I believe we are all born leaders.
I saw this adage in action recently at the beach when my 5-year-old daughter said, “Come on! Let’s climb those rocks!” It was her hopeful tone that motivated us to do something that we, as parents in our 40s, probably would rather have avoided. And, as she climbed and exclaimed how great “bouldering” was, our only jobs were to catch her if she stumbled (which she didn’t) and smile at the beautiful blue sky above us.
Rather than feeling we need to teach our daughter how to be a leader, our task seems to be to keep from interfering with her natural initiative, hopefulness and ability to motivate. This seems like a great lesson for supporting leaders in general.
Yes, there are times for course correction for any leader. If our rock-climbing daughter had suggested we all climb with our eyes closed, we would likely have set a limit. But how we set that limit is the key factor in supporting leadership. We could say in an insulting tone, “That’s the most ridiculous idea I’ve ever heard,” or we could become inquisitive: “What sounds fun about that?” If her logic was in error, we could question it without demeaning her as a person. If she fell, we could say, “See, we knew this was a bad idea,” or we could support her self-correction, “Hmmmm, what do you think went wrong here?”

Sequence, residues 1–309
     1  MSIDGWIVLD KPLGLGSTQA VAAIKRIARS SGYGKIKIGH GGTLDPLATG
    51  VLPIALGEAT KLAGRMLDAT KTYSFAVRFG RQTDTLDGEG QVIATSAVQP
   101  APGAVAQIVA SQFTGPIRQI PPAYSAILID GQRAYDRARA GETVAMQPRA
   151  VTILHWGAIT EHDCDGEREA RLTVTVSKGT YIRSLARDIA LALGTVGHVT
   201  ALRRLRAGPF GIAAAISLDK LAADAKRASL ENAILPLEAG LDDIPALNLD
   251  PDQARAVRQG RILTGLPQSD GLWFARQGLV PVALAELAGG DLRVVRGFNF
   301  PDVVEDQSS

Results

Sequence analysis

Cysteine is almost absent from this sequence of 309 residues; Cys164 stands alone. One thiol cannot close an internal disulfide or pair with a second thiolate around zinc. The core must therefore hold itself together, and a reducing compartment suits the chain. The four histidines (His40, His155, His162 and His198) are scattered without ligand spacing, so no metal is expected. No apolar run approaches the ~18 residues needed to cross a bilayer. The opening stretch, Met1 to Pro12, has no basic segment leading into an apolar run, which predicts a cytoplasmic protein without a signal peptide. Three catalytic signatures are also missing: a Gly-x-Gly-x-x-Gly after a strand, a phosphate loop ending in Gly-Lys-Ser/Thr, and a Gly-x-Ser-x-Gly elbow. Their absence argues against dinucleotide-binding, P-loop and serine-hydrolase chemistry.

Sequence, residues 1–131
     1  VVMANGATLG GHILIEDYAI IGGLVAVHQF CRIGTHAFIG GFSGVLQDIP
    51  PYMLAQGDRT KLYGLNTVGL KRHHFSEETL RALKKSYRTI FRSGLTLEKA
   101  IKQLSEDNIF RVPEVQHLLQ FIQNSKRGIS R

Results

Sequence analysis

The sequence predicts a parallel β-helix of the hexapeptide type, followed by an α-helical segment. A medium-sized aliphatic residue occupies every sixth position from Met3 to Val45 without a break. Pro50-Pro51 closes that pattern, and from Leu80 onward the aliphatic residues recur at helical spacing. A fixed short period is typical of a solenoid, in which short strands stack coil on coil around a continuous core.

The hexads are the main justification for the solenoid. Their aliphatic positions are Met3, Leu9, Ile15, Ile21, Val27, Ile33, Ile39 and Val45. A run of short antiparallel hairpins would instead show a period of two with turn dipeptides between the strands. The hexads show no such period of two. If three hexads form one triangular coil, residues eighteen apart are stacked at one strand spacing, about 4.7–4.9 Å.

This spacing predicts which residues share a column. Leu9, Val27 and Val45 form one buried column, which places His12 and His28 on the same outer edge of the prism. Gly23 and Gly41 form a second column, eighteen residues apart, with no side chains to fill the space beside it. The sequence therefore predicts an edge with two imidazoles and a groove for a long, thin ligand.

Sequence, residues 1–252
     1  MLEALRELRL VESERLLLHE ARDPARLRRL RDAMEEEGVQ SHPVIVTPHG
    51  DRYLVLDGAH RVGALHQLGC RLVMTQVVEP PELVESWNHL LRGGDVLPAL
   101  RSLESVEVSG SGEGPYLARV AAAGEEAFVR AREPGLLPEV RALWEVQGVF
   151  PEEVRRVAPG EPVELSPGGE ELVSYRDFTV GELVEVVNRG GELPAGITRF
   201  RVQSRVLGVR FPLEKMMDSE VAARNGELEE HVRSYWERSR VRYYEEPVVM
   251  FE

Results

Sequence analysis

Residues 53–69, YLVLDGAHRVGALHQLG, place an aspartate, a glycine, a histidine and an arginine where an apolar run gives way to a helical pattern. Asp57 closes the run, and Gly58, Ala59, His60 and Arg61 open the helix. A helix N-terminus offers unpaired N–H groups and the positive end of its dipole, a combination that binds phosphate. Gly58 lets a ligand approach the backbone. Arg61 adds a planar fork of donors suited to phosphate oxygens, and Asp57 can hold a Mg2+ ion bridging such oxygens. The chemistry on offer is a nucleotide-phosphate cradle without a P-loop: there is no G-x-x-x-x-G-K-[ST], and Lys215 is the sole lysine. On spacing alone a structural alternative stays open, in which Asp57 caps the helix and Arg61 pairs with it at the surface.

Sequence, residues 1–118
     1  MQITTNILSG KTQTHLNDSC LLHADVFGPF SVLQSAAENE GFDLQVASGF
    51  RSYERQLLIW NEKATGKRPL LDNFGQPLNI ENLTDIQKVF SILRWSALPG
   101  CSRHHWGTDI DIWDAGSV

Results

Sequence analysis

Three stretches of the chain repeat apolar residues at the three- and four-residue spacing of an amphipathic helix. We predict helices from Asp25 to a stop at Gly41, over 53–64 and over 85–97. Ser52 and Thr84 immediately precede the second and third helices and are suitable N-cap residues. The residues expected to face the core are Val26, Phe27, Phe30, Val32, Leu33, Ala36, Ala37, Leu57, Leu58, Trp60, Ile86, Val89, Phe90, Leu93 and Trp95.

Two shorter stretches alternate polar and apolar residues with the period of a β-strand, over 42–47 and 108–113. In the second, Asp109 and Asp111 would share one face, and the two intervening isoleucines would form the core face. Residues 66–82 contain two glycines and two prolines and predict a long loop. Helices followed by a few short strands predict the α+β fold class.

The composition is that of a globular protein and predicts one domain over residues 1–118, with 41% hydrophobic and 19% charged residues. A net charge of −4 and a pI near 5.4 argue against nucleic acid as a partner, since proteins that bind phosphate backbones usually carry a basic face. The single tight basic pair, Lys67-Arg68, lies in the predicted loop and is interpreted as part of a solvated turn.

As a staff member for the Heart of Biddeford, I feel fortunate to be joined by a cadre of volunteer leaders on committees and our board.
While highly effective board members Tammy Ackerman, Megan Rochelo and Dan DuCharme have recently stepped down to focus on other leadership roles, newcomers Emma Bouthillette, John Harkins, Greg Paulhus and Jennifer Thibeau have now signed on to help steer the organization.
When there is a positive atmosphere in the downtown and within organizations, where leadership is supported and correction happens without attacks and blame, more leaders appear and offer their time and wisdom. Every time any one of us helps things go well, we are leading, whether it’s as intensive as serving on a board or in office, or as small as showing up at an event or buying local.
It all makes a difference, and with more people stepping forward to help out, more progress in the downtown is inevitable.
Delilah Poupore is the director of the Heart of Biddeford. Her column appears monthly.